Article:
Arabic Language Blog

Tears in Tunisia: Farewell to the Revolution’s Poet (2) Posted by on Jul 20, 2014 in Arabic Language, Culture

Marhaba! I am confident you enjoyed learning about this great late Tunisian poet. His poetry is certainly inspiring in every possible way. Poetry is another beautiful artistic way to express thoughts and feelings about real world significant issues and problems. The grievances of the Arabs in different states are immense and different poets, scholars, painters, and musicians have striven to personalize these struggles and recount these hardships in different artistic venues. In this post, I am sharing two things: first, the answers to the questions I asked in the previous post, and two YouTube videos of the great Ali el-Aswad Marzouki in which he recites parts of his poetry. The first video is about the Arab Spring and the second one is about Camp David. You will realize that the Tunisian dialect is a bit harder than other Arab dialects to comprehend, but I wanted to share these videos to introduce you all to this dialect and Marzouki’s passion in reciting his poetry.


ارتبط اسمه بالقضايا القومية من فلسطين والمقاومة اللبنانية واتفاقية كامب ديفيد المشؤومة، وصولاً الى حصار العراق وتدميره وتدمير حلف الأطلسي ليبيا، وتخريب سوريا باسم «الربيع العربي».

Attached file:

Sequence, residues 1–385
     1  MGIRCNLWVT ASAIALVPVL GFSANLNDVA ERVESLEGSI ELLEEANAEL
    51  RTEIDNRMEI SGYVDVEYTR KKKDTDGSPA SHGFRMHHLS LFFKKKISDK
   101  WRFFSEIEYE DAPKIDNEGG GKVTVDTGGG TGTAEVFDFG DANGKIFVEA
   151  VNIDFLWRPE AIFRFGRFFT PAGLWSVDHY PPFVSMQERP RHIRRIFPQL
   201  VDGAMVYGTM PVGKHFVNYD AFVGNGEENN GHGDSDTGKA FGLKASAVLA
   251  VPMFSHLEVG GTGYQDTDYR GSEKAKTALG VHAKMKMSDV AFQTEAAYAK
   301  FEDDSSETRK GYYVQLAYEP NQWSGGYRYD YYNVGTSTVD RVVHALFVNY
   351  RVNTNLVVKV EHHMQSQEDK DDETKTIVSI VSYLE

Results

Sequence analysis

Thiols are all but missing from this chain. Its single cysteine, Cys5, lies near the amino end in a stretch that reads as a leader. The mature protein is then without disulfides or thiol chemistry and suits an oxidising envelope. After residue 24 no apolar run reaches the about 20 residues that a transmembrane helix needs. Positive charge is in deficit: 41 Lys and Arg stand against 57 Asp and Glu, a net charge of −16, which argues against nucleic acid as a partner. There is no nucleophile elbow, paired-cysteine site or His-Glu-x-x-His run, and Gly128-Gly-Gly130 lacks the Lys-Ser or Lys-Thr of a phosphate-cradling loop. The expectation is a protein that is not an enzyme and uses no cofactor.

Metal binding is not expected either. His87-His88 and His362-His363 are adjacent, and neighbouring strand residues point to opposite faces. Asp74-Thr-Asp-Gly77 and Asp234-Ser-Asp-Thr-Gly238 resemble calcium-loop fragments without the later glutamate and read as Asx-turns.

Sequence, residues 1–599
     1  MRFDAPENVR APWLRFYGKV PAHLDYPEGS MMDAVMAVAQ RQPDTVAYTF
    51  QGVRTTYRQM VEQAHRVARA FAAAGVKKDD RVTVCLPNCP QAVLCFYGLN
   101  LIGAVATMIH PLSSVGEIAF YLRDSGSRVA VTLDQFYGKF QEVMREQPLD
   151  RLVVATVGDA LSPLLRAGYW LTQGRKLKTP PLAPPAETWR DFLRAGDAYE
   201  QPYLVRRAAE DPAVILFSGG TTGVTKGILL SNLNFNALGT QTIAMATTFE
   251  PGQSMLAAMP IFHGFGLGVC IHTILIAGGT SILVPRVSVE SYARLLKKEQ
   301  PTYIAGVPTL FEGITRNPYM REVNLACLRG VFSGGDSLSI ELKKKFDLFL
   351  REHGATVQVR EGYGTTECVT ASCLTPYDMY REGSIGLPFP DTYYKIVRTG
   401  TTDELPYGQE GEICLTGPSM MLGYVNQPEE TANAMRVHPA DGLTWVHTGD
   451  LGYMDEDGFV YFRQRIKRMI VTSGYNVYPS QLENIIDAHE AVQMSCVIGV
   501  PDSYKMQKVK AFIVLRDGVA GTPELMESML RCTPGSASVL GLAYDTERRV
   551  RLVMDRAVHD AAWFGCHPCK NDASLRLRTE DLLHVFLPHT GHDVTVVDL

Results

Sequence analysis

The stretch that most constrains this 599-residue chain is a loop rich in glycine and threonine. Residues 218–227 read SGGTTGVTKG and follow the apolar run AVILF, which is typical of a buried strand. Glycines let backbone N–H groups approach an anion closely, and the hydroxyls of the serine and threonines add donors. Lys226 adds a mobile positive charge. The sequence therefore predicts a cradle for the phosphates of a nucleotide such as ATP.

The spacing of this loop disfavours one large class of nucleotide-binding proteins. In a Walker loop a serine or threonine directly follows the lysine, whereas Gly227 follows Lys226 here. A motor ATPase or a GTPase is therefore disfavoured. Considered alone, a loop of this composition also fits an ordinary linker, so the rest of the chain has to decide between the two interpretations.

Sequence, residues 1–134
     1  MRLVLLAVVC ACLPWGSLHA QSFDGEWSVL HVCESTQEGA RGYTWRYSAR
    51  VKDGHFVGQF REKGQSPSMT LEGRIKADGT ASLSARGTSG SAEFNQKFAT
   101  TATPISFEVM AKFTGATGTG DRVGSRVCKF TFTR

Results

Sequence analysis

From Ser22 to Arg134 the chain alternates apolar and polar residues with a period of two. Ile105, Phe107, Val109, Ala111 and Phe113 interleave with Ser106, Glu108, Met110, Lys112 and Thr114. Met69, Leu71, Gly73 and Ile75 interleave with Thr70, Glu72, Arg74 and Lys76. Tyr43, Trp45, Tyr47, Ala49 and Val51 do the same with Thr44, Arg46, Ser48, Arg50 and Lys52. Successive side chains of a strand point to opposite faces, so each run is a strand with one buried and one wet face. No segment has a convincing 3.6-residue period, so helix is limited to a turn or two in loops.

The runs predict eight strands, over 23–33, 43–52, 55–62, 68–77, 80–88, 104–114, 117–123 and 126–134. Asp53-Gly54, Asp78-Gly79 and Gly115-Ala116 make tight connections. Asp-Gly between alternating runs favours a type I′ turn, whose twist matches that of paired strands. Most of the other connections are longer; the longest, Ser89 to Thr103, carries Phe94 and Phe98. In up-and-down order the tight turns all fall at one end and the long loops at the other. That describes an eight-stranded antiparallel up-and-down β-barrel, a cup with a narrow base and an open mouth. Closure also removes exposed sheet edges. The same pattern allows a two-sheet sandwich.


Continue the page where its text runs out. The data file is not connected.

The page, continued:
1. His name was linked to national issues from Palestine, the Lebanese resistance and the inauspicious Camp David Accords, to the siege of Iraq and its destruction and the destruction of Libya by NATO and the devastation of Syria in the name of the “Arab Spring”.

.“الربيع العبري”

2. “The Hebrew Spring”

عاش حياة بسيطة في الصحراء مع البدو والفلاحين في الواحات التي تغزل بالحياة.

3. He lived a simple life in the dessert with the nomads and the peasants in the oases that were filled with life.

كان الشعراء الشعبيون يتسابقون على إنشاد الشعر فيه أمام الزعيم الحبيب بورقيبة.

4. The popular poets competed to recite power in front of the leader Habib Bourguiba.

5. Translation of sentence:

بدأت شهرة علي الاسود المرزوقي في أواخر السبعينيات، وأول الثمانينيات بعد عودته من هولندا التي هاجر اليها أواخر الستينيات هرباً من الفقر وبحثاً عن ظروف عيش أجمل.

The fame of Ali Aswad Al-Markouki began in the late 70s, early 80s after his return from Holland where he had immigrated in the end of the 60s escaping from poverty and looking for better living conditions.

Stay tuned for upcoming posts.

Have a nice day!

نهاركم سعيد

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About the Author: jesa

Salam everyone! Born as an American to two originally Arab parents, I have been raised and have spent most of my life in Beirut, Lebanon. I have lived my good times and my bad times in Beirut. I was but a young child when I had to learn to share my toys and food with others as we hid from bombs and fighting during the Lebanese Civil War. I feel my connection to Arabic as both a language and culture is severing and so it is with you, my readers and fellow Arabic lovers, and through you that I wish to reestablish this connection by creating one for you.